Tag: airport technology

Geolocation beacons let JFK share actual wait times

Location based technology is now being used to be able to display the length of time major lines will take.

One of the world’s largest airports – the busiest one in New York – is now using geolocation beacons to be able to provide people with the actual wait times that they will face when they enter into a major lineup.

This new system will be powered by BlipTrack beacons from BLIP Systems, which is based in Denmark.

This geolocation technology beacon installation was put into place by Lockheed Martin. This system has been implemented with the intention of making it easier for passengers to make through Terminal 4 at JFK Airport. Thirteen new screens have been installed in order to display estimated processing times. These large-size screens are prominently displayed and have been installed at the checkpoints for TSA Security and Customers and Border Protection. There is also an indoor taxi lineup display.

The geolocation beacons make it possible for continual updates to be presented to travelers.

Geolocation - JFK AirportAccording to the JFKAT vice president, Daryl Jameson, “It continuously updates”. JFKIAT is the company behind the operation of Terminal 4. So far, people are responding well to having the information available to them, as they know how long they will have to wait in the lines, and aren’t left wondering. As lineups aren’t an activity that most people enjoy, this “signage helps to manage expectations.”

The beacons work by conducting anonymous tracking of the mobile devices of passengers as they make their way through the airport. This way, while the individuals aren’t identified, the length of time that they spend in certain processing locations can be determined. The BlipTrack solution detects devices running on WiFi or Bluetooth and that are in “discoverable” mode, such as in tablets and smartphones.

Once one of these devices makes its way past one of the geolocation beacons, the beacon records the mobile device’s non-personal unique ID (it’s MAC address), which is then encrypted and time stamped. When that device is identified once again at other beacon locations, patterns among travelers can be established so that wait and travel times can be measured.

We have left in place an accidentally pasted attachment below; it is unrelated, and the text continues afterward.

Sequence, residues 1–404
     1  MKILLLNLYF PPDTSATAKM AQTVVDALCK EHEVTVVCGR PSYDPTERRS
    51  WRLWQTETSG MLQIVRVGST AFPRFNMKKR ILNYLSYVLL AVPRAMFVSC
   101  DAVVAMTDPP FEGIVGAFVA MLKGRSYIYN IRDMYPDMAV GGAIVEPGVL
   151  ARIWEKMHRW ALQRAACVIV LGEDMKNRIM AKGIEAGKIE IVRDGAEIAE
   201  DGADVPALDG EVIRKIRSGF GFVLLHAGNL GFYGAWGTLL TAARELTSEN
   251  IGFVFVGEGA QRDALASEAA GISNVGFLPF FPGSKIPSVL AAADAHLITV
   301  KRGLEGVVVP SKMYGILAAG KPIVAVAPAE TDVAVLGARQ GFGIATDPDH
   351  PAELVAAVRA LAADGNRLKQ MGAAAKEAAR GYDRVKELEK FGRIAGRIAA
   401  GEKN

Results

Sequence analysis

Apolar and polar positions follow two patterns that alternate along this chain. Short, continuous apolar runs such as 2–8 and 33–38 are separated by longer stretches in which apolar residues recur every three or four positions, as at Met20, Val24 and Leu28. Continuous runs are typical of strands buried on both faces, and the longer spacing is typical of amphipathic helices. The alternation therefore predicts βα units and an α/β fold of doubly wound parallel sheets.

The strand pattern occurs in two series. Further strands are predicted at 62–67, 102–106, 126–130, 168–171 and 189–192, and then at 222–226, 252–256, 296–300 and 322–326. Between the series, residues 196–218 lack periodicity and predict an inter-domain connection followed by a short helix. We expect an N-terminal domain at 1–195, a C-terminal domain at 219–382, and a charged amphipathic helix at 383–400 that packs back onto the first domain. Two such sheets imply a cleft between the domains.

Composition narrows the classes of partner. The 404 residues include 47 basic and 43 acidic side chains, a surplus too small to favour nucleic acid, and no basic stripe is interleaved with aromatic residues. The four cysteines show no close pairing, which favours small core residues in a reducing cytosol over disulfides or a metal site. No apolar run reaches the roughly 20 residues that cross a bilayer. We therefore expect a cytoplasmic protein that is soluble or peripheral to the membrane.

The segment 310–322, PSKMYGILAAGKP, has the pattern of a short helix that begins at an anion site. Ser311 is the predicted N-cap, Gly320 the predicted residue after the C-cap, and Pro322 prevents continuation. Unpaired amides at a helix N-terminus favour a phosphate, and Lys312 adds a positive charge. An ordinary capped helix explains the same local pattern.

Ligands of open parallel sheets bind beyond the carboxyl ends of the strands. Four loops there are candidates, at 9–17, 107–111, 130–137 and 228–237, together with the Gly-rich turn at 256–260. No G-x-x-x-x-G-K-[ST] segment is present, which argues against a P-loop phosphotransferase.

Mobile commerce check in kiosks expand in L.A. airport

Passengers flying Alaska Airlines will now be able to use these new services at the L.A. International Airport

Travelers are already using mobile commerce based kiosks to be able to check in through certain airlines at the Los Angeles International Airport, but these services are about to start expanding quite significantly over the next three years, starting with Alaska Airlines.

Both airports and airlines are expected to begin making considerable investments into m-commerce.

A new survey has shown that mobile commerce kiosks are expected to take off at many different airports and through a range of airlines. In fact, the survey showed that almost 90 percent of airports intend to make an investment into this type of mobile technology within the upcoming three years. This will be good news for tech savvy travelers who are rapidly growing in numbers.

These kiosks use mobile commerce technology to allow a passenger to check in using a smartphone.

Mobile Commerce - L.A. AirportUsing this mobile technology, some of the largest airports in the world are giving travelers a way to obtain a boarding pass without having to check in with a gate agent. A recent survey conducted by SITA, a multinational technology firm, has shown that these kiosks are currently serving about 2.4 billion passengers every year. According to the chief exec at SITA, Francesco Violante, “This is the age of the connected traveler with nearly all passengers carrying mobiles, tablets and other devices.”

Some additional key findings from this survey have shown the following:

• Almost 90 percent of airport operators that participated in the study said that they had intentions to invest in kiosks, as well as self-boarding stations and self-serve bag dropping stations within the span of the next three years. This year, alone, airports are expecting to spend about $6.8 billion on tech.
• Nearly half of the airlines that participated in the survey are able to update passengers about flight issues – such as cancellations or delays – via mobile device. By 2017, that figure is expected to rise to 97 percent.
• Under 5 percent of passengers around the globe are currently using their mobile commerce to check in, but that rate is expected to reach the 15 percent mark by 2017.